If you follow my content around the web, you know that I’ve been tracking the euro zone closely since late 2013. After being hired to write about economic conditions in Europe, I started to grow more and more personal interest in the topic. After all, the euro is one of the most complex currencies around. Anyway, when I first started looking into Europe’s economy, it seemed like they were finally making a recovery from the depths of financial recession. Unfortunately, several months in and everything seemed to start heading the wrong direction. The fall in economic activity has continued…but wait, has it? Recent data from Europe shows that the 18 member currency zone may be pulling its self off of the brink of recession.
Leading Up To Europe’s Most Recent Economic Crisis
What led to the crisis in the first place? In early 2013, everything seemed great. Germany was the steam engine that powered the euro zone and economic recovery was all but guaranteed. Unfortunately, this didn’t last long. In Mid 2013, Russia started to move in on Ukraine owned land called the Crimea Peninsula. This lead to disputes between Russia and the West.
Soon following the invasion, the United States, Europe, and other western nations started to place sanctions on Russia. As Russia’s activity in Ukraine continued, sanctions continued to become more and more strict. Because Russia is a major trading partner with Europe, as sanctions continued to become more and more strict, consumer, investor, and business sentiment started to fall throughout Europe. As a result, what seemed like a recovery quickly become an economic tragedy; eventually forcing the ECB to reduce interest rates further and create a plan for quantitative easing.
New Data Shows That Europe May Actually Be Making A Recovery
Just aver the ECB announced their plan for quantitative easing, new data has emerged suggesting that Europe’s economy isn’t doing as bad as many thought. As a matter of fact, economy growth throughout the 18 member euro zone increased by 0.3% quarter over quarter in Q4 of 2014. Economists only predicted growth of 0.2%. Overall, Europe’s GDP grew by 1.4% in the year 2014.
Was Quantitative Easing Really Necessary?
The positive data that has surfaced suggests that consumers within the euro zone are starting to become more comfortable with spending once again. This brings two question to light. First off, “Will QE even work in Europe?”, and “Was quantitative easing really necessary?” Personally, I have mixed feelings as to whether or not quantitative easing will actually work in Europe. Here’s what I think…
Will QE Work In Europe?
I really don’t think so. When it comes to quantitative easing in the euro zone, there are two major hindrances to the effectiveness of the plan.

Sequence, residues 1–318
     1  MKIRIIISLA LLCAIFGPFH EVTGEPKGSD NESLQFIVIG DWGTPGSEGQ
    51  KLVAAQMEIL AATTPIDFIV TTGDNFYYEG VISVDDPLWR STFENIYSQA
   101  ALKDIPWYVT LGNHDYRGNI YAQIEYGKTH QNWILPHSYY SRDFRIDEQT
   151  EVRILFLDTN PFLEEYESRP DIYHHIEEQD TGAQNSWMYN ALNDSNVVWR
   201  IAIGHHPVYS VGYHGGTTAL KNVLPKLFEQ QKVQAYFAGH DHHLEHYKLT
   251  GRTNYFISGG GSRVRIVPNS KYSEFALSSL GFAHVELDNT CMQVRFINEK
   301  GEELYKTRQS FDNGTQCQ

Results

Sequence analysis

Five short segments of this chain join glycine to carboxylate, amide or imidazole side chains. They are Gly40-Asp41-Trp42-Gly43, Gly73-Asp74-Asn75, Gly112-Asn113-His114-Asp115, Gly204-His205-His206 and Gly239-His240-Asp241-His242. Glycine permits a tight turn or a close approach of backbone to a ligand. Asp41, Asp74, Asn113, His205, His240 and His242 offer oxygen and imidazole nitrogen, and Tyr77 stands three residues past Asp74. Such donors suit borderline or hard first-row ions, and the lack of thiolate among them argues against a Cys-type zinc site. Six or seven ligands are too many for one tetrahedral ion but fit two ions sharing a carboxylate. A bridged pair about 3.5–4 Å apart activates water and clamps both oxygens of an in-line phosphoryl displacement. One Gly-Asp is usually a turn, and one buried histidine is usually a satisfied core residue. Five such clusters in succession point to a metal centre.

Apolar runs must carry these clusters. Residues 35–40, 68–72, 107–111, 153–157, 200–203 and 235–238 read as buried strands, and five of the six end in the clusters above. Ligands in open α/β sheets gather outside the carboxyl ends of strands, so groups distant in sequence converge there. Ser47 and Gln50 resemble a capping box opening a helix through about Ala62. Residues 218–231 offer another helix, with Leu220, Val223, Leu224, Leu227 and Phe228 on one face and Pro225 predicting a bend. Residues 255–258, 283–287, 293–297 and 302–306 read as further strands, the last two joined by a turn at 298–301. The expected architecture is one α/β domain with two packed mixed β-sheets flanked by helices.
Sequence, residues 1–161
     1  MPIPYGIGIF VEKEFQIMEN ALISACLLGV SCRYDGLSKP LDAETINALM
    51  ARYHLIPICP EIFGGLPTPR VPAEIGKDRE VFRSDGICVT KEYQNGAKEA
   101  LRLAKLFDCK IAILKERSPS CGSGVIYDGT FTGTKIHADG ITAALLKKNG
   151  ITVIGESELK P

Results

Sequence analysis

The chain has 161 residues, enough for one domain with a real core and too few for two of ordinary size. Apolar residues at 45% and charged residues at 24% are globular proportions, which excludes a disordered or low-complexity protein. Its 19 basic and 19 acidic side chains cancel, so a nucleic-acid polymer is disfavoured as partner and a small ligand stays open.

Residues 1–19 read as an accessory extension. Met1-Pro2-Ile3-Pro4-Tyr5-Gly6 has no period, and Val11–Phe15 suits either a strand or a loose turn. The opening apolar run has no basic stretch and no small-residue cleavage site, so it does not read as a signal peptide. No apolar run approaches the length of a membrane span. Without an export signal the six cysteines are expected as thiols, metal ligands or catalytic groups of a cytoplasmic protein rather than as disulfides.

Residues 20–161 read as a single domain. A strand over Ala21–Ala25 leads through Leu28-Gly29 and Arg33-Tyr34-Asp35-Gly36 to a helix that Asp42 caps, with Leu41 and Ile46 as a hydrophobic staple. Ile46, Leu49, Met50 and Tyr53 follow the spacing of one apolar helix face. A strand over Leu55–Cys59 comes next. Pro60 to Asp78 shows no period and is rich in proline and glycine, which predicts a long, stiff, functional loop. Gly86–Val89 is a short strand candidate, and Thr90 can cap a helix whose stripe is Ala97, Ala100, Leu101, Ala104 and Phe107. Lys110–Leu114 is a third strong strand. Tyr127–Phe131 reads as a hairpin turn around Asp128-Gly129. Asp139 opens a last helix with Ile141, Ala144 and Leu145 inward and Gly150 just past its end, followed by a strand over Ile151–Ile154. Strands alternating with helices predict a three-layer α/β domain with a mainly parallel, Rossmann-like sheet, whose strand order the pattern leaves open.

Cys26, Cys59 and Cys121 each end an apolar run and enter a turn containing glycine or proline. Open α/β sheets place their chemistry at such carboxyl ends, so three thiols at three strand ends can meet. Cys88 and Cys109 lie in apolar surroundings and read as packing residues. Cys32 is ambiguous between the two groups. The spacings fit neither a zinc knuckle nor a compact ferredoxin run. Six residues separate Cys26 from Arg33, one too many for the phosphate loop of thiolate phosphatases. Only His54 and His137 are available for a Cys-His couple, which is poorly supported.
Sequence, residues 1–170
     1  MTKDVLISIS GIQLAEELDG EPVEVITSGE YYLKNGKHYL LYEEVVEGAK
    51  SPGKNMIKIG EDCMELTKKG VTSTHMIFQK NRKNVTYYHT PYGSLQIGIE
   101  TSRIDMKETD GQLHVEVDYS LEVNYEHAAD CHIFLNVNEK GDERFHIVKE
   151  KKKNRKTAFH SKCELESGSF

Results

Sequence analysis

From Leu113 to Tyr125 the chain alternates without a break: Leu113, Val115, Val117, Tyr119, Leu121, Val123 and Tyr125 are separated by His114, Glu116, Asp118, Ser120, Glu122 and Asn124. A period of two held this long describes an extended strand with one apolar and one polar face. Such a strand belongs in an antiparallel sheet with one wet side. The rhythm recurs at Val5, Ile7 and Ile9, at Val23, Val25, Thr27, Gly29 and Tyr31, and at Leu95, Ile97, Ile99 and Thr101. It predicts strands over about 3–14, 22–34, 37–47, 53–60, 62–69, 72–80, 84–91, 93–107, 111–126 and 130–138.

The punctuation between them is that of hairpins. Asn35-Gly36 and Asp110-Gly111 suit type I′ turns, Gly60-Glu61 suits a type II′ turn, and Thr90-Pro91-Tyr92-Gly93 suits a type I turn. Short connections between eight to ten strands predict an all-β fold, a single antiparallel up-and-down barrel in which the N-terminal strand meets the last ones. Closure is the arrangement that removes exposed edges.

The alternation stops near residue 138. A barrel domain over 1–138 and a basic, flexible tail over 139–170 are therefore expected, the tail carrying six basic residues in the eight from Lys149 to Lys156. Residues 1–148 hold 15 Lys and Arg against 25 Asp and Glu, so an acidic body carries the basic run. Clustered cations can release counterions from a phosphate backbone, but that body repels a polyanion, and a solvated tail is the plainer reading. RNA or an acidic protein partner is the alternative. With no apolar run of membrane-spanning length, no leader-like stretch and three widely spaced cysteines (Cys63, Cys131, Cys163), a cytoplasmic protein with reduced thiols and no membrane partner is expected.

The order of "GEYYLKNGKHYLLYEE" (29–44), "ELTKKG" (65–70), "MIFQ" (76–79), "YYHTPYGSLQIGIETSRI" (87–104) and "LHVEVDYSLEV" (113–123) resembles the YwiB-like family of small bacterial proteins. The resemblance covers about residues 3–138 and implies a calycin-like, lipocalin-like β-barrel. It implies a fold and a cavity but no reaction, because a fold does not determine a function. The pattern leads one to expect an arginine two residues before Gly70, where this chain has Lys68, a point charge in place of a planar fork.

- Governments Need To Follow Through – The euro zone is a currency zone with 18 different countries. This means that unlike the Federal Reserve who only has one government to deal with, the ECB has to deal with 18 different governments; many of whom are opposed to the QE concept. Therefore, getting the governments to work in tandem in order to see QE goals to come to fruition may be nearly impossible.
- What Works For You May Not Work For Me – As mentioned above, Europe is a very interesting economy. That’s because instead of the currency being used by only one country, it’s used by 18. The problem here is that while some economies might be doing well, for the currency to do well as a whole, all of the countries in the zone must contribute. So, while some countries may need quantitative easing, others really don’t! Putting stimulus in play where it’s not needed could be very dangerous for regional economies in the euro zone. The bottom line is that what works for one area may not work for another; which is why I believe the euro may be a broken currency.
Was Quantitative Easing Even Necessary?
That’s a very hard question to answer. As mentioned above, there are 18 countries in the euro zone. While the fourth quarter growth was better than expected, if you break down the numbers, that growth is largely due to Germany and Spain and has very little to do with the other 16 countries involved in the currency. So, are there countries that could benefit from QE in the euro zone? Of course there are, but another question that needs to be asked is, are there members of the currency zone that may not benefit from QE?
What Do You Think?
Do you think Europe will continue on a solid growth path? What are your thoughts on quantitative easing in the 18 member currency zone? Let me know in the comments below!